Not for convenience: Some people see using cash as a throwback, says an article at Investopedia.com. Indeed, it says, the convenience of plastic is not what you're after when you choose to use green-backs. Still, if overspending is your problem, paying cash is one of the few ways to finish a month without having increased your debt load; bit.ly/HofsJw.
Better health: Paying in cash at the grocery compels shoppers to make healthier food choices, according to this episode of Scientific American's 60 Second Mind podcast series by Christie Nicholson. Researchers found that credit- and debit-card shopping really does foster impulse and junk-food buying. By contrast, shoppers feel a sort of "pain" in forking over cash that limits the impulse-buying; bit.ly/mKkajh.
King of discounts: This post by Michael Estrin at Bankrate.com says there's money to be saved in paying cash at establishments that offer discounts for doing so. First, there's a rise in the number of gas stations offering a discount for cash. In addition, take-out restaurants and doctors' offices often give discounts for cash; sometimes, the savings are substantial. bit.ly/96jSCF.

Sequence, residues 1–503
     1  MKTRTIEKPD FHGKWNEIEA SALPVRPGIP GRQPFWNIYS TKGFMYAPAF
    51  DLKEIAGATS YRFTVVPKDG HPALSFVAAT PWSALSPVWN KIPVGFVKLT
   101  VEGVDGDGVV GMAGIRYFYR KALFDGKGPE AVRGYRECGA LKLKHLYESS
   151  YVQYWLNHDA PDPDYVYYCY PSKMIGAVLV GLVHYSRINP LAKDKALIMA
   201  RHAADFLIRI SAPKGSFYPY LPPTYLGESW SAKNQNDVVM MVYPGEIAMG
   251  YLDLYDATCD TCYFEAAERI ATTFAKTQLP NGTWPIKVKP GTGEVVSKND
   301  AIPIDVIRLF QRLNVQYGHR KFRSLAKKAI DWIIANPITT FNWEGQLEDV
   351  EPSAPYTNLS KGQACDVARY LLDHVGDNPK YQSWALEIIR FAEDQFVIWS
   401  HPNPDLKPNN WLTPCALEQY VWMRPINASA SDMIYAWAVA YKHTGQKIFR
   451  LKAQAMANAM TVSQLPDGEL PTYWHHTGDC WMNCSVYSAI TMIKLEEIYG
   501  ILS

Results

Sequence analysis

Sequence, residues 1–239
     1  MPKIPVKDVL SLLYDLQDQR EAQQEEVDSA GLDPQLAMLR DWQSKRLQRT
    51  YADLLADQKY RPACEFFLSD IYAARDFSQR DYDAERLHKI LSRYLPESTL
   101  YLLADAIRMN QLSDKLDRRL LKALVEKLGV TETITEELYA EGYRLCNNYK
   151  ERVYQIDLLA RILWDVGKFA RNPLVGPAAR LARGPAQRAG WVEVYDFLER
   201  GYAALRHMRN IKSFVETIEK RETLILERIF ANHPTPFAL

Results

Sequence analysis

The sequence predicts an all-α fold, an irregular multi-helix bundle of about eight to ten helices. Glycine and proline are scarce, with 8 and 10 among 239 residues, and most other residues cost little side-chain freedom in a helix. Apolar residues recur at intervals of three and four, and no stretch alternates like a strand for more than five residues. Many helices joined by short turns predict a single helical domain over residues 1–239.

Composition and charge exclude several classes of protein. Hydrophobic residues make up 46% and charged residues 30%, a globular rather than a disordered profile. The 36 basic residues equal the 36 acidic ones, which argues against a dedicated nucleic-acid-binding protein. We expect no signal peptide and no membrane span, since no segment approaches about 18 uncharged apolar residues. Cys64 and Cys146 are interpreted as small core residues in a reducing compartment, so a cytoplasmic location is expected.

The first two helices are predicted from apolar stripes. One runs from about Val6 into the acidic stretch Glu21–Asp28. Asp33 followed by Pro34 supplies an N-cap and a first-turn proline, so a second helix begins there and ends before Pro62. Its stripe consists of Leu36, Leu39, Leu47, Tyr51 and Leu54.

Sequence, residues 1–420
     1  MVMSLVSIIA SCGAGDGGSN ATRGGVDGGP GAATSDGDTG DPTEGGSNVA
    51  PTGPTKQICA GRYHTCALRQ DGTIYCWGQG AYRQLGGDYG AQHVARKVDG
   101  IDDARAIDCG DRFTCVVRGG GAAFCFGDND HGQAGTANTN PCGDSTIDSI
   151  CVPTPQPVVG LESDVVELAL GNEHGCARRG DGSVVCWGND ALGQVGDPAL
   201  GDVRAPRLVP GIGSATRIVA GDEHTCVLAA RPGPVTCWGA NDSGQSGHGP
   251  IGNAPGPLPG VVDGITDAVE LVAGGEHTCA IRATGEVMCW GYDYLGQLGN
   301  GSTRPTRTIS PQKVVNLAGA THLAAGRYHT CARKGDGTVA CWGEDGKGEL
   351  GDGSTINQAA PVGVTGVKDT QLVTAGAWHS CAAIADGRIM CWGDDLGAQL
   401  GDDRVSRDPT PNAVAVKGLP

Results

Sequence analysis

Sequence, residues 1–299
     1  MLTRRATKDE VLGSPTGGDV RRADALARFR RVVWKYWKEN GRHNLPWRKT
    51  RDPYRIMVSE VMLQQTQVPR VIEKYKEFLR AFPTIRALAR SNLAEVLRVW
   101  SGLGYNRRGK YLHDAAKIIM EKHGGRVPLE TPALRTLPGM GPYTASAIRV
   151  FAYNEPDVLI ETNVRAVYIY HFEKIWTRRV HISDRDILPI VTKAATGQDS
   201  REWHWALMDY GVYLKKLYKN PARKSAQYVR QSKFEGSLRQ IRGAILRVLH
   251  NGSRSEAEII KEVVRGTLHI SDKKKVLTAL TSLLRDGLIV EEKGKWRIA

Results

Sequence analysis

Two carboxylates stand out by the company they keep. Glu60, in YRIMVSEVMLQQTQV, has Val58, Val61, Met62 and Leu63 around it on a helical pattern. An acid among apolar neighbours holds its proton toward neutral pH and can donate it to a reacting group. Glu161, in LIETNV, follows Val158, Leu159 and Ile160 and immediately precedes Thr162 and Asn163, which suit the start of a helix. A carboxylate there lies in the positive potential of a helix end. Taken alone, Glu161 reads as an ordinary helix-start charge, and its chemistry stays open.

Cash for clunkers: Cars.com offers this post by Colin Bird to outline the advantages of paying cash for a car. The thought seems impossible for most new-car buyers, but the savings in interest costs on a car loan could be substantial. The advantage is less clear if the dealer is offering zero interest; bit.ly/H3iZ6w.